Tea from Ceylon
Kettles from Constantinople
A lost smile from a childhood dream
All gathered in a slurring saucer
Kiss your tea, said your love, kiss
it like you kiss mangoes freshly fallen
wrap yourself in the wind like a tree
release your glow into the sea
with time the mountains grow stoic
and every footstep towards the river
turns heavy with the promise of an end
Tea. 6.16 am. Retro-pop
plays on your radio, the cat
yawning and upturned, curling
corner where your quilt acts
as a heater, the spoon tinkers
like a bell, you
remember the temple, don’t you?
Scent of drizzle and white flowers
the child you, becoming
medicine for sad mornings, slowly
into one page
of a new book, unwritten
but revisited. Tea, 6.19 am, brewed.
This honey though, weak and plastic,
nothing compares to the beehive, above
the temple wall
Cream biscuits. Butter.
A rusting toaster. Late afternoon.
4.15 pm, the light slants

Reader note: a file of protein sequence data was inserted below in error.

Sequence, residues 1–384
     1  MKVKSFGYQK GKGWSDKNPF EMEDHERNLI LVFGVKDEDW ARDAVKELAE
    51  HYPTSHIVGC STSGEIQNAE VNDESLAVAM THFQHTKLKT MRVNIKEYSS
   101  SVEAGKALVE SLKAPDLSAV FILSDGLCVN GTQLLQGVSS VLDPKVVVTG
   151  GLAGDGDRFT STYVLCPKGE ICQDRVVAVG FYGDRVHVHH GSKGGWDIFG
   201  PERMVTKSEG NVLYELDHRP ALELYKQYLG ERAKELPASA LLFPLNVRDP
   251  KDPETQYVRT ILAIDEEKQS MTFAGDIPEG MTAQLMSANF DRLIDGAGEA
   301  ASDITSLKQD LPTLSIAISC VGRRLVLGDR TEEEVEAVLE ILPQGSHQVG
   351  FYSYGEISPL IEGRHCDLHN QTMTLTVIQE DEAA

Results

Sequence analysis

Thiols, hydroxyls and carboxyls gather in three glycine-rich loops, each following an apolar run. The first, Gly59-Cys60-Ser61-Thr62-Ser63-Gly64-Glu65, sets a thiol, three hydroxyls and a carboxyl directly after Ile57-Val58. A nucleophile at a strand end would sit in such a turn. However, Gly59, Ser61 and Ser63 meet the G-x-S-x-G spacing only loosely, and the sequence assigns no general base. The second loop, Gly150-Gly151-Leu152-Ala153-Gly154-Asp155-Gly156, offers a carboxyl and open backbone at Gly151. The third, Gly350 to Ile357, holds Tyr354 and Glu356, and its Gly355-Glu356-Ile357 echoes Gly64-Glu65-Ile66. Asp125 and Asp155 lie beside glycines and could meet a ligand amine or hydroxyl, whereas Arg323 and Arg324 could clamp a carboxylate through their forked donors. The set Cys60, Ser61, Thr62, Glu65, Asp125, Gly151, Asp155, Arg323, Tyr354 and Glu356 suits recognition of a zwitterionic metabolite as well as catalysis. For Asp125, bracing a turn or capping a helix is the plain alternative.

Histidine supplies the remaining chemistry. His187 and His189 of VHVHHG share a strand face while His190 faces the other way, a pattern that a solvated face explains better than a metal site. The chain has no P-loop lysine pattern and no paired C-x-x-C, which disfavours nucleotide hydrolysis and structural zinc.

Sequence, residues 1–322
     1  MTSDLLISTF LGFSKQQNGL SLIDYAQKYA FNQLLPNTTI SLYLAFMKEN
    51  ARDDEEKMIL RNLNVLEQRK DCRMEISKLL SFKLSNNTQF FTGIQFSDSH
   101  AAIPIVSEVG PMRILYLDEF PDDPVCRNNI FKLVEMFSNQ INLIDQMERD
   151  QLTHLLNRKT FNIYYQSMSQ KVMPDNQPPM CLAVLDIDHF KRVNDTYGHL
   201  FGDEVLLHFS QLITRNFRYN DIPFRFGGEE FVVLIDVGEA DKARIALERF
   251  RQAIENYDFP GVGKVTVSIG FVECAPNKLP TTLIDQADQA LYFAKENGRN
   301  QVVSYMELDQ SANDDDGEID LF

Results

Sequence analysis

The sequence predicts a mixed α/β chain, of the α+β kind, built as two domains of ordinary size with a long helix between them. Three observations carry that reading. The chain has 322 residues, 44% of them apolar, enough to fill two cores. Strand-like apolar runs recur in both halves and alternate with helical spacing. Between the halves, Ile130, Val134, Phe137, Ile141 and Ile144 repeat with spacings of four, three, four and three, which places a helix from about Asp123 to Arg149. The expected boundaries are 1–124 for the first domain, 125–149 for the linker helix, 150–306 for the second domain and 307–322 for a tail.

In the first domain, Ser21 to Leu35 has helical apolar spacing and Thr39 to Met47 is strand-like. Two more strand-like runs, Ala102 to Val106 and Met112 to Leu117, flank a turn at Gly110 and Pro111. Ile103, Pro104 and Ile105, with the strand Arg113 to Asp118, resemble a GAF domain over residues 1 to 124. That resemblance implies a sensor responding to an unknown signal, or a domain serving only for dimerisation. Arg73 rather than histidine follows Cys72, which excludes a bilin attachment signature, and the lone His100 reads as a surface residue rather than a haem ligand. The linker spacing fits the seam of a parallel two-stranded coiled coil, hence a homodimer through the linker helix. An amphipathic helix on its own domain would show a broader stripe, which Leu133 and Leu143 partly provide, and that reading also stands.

into a crowded room
smelling of sleeping books.
a trembling forearm. White
felt by the ceiling fan. Tobaccco.
An overused pipe. A fluttering flame.
Within you, seventy years
of old bad habits. A dead son,
an estranged daughter
bits and pieces of friends
some finished and some almost there
like biscuits. Breaking.
Vanishing carefully. Apart from that
of unfinished poetry
waiting to see an end
23.15. The cafe murmurs
the last of broons are sliced,
their chips meet the floor, dusted
by one trusted cleaner, who mutters
local abuses to the drunkard
wailing Bollywood songs
to an unseen lover
maybe some mince
are handed out to aged women
waiting to hand out
my tea is done, the saucer
holds a little spillover
imprinted on the table
is the stamp of the cup’s bottom
inked by trickled chai
and twenty years of mine